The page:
2. I've served with quite a few officers who have become general or flag officers during the course of their careers. All of them knew I collected militaria in my discussions with them while we served together. I have asked several for a uniform when they retired to include in my collection. I have received nothing from any of them. Never hurts to ask...but it's never worked for me.

 

3. When I was a young officer, I would write letters to retired flag and general officers randomly and ask them for any insignia they wanted to part with. I'd get a bite about one in ten letters. That was a lot of writing to do for not a significant return, but it was kind of fun to do it at the time. That was in the 90s...I don't think I'd try that now. 

 

4. In the early 2000s, I was stationed in the DC area and ran a newspaper ad for military memorabilia. I made a few finds, but nothing really worthwhile. I finally determined that it wasn't worth my time and effort to keep doing the ads, running all around DC, and end up paying retail for stuff that wasn't really exciting, so I stopped. 

 

5. I wrote the thesis for my first master's degree about being promoted to flag rank in the US Navy. I interviewed 20 retired flag officers as part of my research (that was fun, honestly). I built up a good relationship with several of them sufficient to ask if they still had anything that they might consider parting with.  Result? Nothing...ironically, most got rid of everything when they retired (or so they said) LOL.  I did take care of a retired VADM on the weekends while stationed at the same location and was comfortable enough going into his closet to look around (I asked first, don't worry) and he literally had nothing left. He had a frame full of medals and his flight logs - that was it. 

 

6. I wrote my first book with the intention of tracking down either the actual veterans or the families of the 217 men I was writing about. I found 175 of them; visited 121 in person and 14 of them sent me material to photograph (there were a whopping three veterans; the rest were family members). Some of the stuff I saw was what collectors would fantasize about...literally, the proverbial shoebox coming up from the basement with an entire Navy Cross group in it and so on (I saw stuff come out of attics, sheds, you name it...). A couple of times, the families indicated to me that they'd like to part with what they had, and I turned them down (I've since been given some of the groups by the families...and those will be on my wall long after I stop collecting...) HOWEVER, the vast majority (the other 117 or so...) families had to be assured I was not wanting to visit in order to buy or pressure them into parting with their stuff. That was my only way to get in the door, so I was absolutely above board and open about my intentions (and why I felt extremely uncomfortable even being offered the groups...I felt it would be extremely disingenuous to say I wasn't interested but then buy the group(s) when I was there in person...)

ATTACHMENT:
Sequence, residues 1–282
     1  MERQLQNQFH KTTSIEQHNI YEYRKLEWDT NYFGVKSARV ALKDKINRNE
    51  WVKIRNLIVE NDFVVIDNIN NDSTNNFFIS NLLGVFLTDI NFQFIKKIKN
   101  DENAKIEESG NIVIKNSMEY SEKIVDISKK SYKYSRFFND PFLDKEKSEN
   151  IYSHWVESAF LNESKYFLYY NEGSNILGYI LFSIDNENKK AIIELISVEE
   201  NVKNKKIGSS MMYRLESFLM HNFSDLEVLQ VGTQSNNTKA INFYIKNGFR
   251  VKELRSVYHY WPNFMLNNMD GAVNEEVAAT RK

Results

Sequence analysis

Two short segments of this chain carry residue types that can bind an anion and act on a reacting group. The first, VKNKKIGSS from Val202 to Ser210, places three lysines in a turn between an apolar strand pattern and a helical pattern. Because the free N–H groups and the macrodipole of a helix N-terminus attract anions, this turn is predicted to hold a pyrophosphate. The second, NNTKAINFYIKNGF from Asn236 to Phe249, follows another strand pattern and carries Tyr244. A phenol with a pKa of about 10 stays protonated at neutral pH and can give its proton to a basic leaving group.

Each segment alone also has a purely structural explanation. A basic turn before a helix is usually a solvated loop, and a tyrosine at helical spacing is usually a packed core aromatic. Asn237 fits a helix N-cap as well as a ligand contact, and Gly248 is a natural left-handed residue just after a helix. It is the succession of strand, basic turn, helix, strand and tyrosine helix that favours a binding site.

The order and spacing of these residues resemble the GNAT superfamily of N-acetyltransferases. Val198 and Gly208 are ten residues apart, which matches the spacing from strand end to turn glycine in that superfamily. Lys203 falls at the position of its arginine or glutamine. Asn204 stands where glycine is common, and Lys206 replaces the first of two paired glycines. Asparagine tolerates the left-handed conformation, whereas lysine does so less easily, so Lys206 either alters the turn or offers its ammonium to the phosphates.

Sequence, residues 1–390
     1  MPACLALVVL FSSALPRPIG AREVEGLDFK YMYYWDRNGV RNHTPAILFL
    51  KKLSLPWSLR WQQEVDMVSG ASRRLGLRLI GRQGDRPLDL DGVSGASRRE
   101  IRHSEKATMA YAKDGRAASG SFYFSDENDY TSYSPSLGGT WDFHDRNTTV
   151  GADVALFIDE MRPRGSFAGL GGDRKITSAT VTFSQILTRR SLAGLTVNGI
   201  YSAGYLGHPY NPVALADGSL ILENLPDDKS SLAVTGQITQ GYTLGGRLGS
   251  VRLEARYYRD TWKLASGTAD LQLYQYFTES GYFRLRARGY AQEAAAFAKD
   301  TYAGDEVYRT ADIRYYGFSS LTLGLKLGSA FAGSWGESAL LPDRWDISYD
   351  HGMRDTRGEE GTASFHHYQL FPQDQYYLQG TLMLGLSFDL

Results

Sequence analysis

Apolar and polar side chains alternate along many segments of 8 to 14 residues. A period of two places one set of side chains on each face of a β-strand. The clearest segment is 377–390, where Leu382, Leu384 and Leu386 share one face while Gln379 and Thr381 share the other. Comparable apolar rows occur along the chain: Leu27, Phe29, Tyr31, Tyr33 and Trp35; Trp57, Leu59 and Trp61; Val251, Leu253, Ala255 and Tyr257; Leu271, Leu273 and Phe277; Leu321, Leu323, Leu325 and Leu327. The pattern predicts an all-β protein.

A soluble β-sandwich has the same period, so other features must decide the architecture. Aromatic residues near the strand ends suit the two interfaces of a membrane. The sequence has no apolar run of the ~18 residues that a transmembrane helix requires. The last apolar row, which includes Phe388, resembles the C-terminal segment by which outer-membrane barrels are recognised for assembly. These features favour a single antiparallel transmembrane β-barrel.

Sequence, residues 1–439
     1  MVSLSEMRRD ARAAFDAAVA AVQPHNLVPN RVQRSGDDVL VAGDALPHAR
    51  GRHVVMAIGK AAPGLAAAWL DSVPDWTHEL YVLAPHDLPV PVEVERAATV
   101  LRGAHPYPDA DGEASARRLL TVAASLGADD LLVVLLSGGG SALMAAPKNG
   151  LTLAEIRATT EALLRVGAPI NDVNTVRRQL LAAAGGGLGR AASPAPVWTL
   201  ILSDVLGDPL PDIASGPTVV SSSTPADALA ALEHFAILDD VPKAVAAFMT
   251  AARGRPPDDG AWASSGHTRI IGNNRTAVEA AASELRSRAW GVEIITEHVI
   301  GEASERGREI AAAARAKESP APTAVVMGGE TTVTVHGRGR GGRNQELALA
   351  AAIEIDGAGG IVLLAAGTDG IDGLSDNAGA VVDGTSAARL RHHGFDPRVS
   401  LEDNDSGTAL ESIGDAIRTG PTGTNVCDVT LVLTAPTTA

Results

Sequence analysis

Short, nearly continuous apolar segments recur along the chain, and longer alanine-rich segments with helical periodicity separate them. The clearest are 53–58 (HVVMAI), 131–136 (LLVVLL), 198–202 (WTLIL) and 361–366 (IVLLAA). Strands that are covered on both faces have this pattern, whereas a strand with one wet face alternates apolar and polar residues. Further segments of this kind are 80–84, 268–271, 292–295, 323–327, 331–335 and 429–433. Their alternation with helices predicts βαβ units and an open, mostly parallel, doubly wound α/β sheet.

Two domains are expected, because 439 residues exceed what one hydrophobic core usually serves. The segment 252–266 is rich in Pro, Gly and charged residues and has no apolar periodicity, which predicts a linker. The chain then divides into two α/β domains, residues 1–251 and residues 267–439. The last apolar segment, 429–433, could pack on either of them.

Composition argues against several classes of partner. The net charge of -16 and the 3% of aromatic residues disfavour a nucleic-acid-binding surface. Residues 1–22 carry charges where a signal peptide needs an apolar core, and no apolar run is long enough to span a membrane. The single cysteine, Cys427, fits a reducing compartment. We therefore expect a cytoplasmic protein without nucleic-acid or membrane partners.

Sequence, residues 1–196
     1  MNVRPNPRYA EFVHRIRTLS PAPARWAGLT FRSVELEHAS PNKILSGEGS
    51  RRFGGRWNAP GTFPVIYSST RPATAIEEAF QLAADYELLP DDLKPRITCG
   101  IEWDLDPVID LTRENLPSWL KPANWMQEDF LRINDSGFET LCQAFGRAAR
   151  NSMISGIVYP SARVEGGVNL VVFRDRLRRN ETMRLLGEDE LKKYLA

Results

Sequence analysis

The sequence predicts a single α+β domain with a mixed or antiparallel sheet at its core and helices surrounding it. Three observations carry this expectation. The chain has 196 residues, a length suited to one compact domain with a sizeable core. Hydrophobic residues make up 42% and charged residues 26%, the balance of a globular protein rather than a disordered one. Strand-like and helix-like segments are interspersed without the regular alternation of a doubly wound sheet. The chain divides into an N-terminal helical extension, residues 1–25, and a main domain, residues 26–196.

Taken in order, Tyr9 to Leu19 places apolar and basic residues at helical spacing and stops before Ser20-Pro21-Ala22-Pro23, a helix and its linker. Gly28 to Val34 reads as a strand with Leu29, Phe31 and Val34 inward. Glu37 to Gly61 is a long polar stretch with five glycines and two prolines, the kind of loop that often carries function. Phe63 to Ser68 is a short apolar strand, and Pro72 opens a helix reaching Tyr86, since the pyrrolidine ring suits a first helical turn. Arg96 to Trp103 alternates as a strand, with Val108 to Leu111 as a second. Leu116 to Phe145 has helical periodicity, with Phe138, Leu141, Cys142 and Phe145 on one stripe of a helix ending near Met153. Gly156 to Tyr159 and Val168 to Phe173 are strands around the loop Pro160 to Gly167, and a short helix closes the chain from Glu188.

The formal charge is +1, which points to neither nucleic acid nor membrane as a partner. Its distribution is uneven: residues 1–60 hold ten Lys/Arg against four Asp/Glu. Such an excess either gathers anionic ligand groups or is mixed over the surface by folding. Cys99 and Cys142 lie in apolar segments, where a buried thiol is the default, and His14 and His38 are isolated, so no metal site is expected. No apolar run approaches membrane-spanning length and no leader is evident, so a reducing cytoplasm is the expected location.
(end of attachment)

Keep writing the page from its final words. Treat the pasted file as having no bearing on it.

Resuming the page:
7. I have sought out families just randomly where I knew the veteran received a cool award and I had the time to do it (which is rare anymore). Again, I was always above board in explaining that I am an author and if they should have the award, would be interested in potentially writing about it for the JOMSA or similar journal. I've done this before, and the families have been relatively receptive. That said, none of these have ended up with me being offered the group...it is what it is. 

 

So...just a few tidbits from my experience over the years. 

 

Dave